Who's the greatest hitter in Baltimore Orioles franchise history? Here's a hint for you: He was also their first MVP winner.
If you guessed former Nationals manager Frank Robinson, or maybe fellow Hall of Famers Brooks Robinson, Cal Ripken or Eddie Murray, guess again.
Give up? The answer is George Sisler, who batted .344 in 12 years with the club and won the AL MVP in 1922 when he hit .420. In 1961, his son Dave pitched for the expansion Senators.
Wait a minute, you say. The Orioles didn't get started until 1954. That's right, but the franchise played in St. Louis as the Browns from 1902 to 1953. Hence, Sisler's the guy ... unless you try finding his name anywhere at Camden Yards.
You see, when the Browns relocated to Charm City, they left all vestiges of the Browns in St. Louis. It was as if the Browns disappeared one day and the Orioles fell from the sky in Baltimore. There's no "Gorgeous George" statue scheduled for unveiling at Oriole Park anytime soon.
That's the way it should be when a team moves but leaves its nickname -- and hence its identity -- in the rearview mirror. It's why it's irritating that so many people want to reference the Montreal Expos' lone playoff appearance in 1981 as being a part of the Nats' history.
The idea that fans in Washington would rush to latch on to a legacy that's simply not theirs makes no sense. Had the team retained "Expos" as its moniker, it would be a different story, but much like the NBA having a team called the Utah Jazz, Washington Expos has no synergy whatsoever.
This year's Nationals have no one left who actually played in Montreal. Only Roger Bernadina and Ian Desmond ever wore Expos uniforms -- as teenage prospects with the Gulf Coast League Expos -- Roger in 2002 and Ian in 2004.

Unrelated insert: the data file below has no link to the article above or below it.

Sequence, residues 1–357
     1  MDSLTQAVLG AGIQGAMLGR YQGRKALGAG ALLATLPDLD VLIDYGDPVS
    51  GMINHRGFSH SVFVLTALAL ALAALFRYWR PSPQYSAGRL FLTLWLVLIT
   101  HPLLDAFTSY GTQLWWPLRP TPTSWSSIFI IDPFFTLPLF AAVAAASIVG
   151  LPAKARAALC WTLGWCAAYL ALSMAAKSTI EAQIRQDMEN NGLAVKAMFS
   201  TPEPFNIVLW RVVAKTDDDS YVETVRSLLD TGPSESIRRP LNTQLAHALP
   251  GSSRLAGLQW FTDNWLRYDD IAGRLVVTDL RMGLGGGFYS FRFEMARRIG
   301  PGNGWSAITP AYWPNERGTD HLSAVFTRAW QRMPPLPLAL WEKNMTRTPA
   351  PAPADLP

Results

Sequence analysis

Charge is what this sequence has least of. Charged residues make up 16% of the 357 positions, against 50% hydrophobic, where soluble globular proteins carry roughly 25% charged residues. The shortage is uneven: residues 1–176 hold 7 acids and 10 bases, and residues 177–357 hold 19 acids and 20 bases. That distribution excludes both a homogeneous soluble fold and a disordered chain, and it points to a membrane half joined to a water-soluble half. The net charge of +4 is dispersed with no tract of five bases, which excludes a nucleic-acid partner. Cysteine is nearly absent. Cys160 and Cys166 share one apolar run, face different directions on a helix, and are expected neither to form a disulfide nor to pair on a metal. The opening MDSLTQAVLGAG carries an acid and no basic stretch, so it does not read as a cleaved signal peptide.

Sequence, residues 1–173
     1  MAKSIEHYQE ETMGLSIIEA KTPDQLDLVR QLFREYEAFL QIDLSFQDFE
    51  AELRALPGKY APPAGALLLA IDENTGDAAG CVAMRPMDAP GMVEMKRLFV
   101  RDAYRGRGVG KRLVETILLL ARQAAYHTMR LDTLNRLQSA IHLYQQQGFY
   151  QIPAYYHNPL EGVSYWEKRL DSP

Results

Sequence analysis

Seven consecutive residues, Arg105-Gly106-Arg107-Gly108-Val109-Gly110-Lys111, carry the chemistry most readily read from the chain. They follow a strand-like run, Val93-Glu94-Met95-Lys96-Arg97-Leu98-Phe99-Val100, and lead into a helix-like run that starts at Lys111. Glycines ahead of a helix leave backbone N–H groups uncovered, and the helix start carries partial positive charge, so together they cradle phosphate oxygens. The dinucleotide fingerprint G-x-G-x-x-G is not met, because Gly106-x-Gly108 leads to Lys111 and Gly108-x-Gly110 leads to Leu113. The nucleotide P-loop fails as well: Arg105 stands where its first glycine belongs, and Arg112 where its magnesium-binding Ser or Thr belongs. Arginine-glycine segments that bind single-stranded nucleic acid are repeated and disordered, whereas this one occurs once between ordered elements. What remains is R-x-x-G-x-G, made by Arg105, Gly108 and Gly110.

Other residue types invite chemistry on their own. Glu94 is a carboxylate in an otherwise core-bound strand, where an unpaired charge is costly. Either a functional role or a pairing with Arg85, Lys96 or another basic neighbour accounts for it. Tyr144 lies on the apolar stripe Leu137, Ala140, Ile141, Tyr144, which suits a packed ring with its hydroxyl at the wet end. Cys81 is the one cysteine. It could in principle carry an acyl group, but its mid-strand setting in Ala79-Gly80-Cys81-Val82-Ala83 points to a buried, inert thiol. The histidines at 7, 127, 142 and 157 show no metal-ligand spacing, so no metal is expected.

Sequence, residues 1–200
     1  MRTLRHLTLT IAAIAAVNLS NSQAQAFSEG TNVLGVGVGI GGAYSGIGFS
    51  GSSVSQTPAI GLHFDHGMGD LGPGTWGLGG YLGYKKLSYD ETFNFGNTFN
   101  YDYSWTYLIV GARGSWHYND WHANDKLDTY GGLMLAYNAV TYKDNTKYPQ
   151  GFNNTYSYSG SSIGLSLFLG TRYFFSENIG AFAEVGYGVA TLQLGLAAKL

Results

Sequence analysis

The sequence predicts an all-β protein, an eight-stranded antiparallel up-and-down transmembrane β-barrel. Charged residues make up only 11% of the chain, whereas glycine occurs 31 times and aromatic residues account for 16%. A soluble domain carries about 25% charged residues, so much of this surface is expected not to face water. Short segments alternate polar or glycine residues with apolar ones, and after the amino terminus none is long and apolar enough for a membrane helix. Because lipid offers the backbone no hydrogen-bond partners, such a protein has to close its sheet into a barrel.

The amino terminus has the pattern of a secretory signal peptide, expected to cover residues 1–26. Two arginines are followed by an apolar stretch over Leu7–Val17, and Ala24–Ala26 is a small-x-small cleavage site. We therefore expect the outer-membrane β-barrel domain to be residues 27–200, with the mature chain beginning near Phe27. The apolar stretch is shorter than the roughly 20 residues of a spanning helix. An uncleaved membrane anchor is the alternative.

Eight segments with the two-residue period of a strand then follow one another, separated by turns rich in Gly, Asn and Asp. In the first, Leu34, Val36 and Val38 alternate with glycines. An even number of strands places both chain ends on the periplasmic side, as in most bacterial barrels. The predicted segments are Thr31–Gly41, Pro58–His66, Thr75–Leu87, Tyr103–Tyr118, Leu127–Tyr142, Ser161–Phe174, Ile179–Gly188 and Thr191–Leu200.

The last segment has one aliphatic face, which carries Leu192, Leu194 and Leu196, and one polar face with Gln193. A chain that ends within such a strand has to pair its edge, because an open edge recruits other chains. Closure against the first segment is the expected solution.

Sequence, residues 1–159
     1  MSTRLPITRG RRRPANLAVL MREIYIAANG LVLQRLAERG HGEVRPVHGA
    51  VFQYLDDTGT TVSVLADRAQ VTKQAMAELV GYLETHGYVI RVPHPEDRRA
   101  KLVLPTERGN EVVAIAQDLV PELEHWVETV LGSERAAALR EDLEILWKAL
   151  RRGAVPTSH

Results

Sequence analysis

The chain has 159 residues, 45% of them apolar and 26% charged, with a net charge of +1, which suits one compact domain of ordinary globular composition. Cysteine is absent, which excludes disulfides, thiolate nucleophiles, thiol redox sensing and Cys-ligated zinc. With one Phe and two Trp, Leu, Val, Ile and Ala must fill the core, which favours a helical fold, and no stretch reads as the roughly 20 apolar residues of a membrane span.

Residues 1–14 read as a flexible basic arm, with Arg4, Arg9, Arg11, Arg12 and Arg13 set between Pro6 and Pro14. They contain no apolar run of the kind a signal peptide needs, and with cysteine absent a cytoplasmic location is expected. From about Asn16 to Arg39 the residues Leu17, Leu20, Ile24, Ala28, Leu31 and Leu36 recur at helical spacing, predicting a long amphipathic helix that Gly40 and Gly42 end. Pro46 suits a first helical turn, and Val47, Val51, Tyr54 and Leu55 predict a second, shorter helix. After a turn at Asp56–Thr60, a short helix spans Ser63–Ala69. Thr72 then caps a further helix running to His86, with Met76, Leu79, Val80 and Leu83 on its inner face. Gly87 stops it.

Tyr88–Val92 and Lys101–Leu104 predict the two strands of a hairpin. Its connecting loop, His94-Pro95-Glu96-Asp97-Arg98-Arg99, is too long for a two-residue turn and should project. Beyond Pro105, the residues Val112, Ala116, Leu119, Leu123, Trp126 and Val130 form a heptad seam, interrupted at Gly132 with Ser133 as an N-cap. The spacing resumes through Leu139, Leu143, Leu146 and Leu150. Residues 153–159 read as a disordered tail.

It's different with the Braves, Dodgers, Giants and Athletics. Those clubs kept the same nickname and continue to honor players from their past cities. The Twins and Rangers acknowledge their pasts in Washington in their media guides but don't honor any of the players. The Orioles act like the Browns never happened. The Seattle Pilots are a mere footnote in Milwaukee Brewers lore.
Once the Nats opted to issue uniform numbers that had been retired in Montreal (No. 8 for Gary Carter, No. 10 for Andre Dawson and Rusty Staub and No. 30 for Tim Raines) it should have been patently obvious that Nats' NL history began in 2005, not 1969. In fact, 1969 is a year that's quite significant to local fans already getting the senior discount at Denny's: the last year before this one when a District team finished above .500.
Maybe someday the majors will return to Montreal. If that happens, let those fans celebrate the wonder that was the Expos. For me, it's a 79-year gap between postseason appearances for Washington baseball, not 31. Let's keep that straight.
Examiner columnist Phil Wood co-hosts the "Mid-Atlantic Sports Report" and is a regular contributor to "Nats Xtra" on MASN. Contact him at email@example.com.